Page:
Rather than receiving the historical average recovery of 42 cents on the dollar in a default, owners of a third of high- yield, high-risk bonds rated B+ or lower may get no more than 10 cents, according to New York-based Fitch Ratings. About 22 percent are likely to get 11 cents to 30 cents.
Along with the surge in bank loans came covenant-lite loans, which typically don’t limit the amount of debt a company can have relative to earnings. A record $141 billion of covenant-lite loans was made last year, according to S&P.
China’s shares are a “sell” even after the government stepped in to support the world’s fourth- biggest stock market, according to Morgan Stanley and Credit Suisse Group.
Corporate earnings growth this year may disappoint, Morgan Stanley analysts Jerry Lou and Allen Gui said in a report today. Chinese companies’ Hong Kong-listed `H shares’ are more attractive than yuan-denominated `A shares,’ Credit Suisse’s Vincent Chan wrote in a separate note.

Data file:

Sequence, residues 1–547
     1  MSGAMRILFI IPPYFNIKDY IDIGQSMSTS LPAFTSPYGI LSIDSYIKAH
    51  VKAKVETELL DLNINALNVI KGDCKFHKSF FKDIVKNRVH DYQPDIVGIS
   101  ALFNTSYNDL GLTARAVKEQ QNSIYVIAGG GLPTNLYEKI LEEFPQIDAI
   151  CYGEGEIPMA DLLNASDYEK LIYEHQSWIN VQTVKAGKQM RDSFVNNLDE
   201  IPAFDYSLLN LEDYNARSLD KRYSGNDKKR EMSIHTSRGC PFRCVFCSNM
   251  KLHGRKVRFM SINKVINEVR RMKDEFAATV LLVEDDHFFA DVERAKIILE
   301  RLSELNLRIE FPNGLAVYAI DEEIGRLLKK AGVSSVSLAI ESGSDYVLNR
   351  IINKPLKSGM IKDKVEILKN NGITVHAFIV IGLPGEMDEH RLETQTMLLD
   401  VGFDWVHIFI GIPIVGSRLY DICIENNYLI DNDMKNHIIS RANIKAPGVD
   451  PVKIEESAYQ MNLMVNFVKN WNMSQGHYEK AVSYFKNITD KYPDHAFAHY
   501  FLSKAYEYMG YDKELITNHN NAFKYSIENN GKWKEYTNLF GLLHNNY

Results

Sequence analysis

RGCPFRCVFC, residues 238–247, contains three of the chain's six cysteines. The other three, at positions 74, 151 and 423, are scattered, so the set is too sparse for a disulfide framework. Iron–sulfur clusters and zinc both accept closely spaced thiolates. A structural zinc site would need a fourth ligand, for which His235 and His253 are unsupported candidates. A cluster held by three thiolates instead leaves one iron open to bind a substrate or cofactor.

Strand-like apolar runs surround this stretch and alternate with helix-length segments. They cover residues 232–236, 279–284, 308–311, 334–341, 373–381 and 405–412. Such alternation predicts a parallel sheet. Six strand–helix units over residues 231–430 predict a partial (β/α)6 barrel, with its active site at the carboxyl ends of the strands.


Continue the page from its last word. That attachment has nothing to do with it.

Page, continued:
This is after the 50% drop in the Chinese market!
The Newport Beach, California-based firm’s Pimco Total Return Fund boasts $125 billion of assets — and an E.F. Hutton vibe. When Pimco talks, people listen. And the fund’s manager, Bill Gross, may be the closest thing the bond market has to a household name.
Hodge’s message, delivered at a conference organized by the Asian Development Bank in India’s business capital, is an encouraging one for Asia’s debt issuers: “We’re ready and able to supply the demand for Asian markets — we’re just waiting for quality investments.”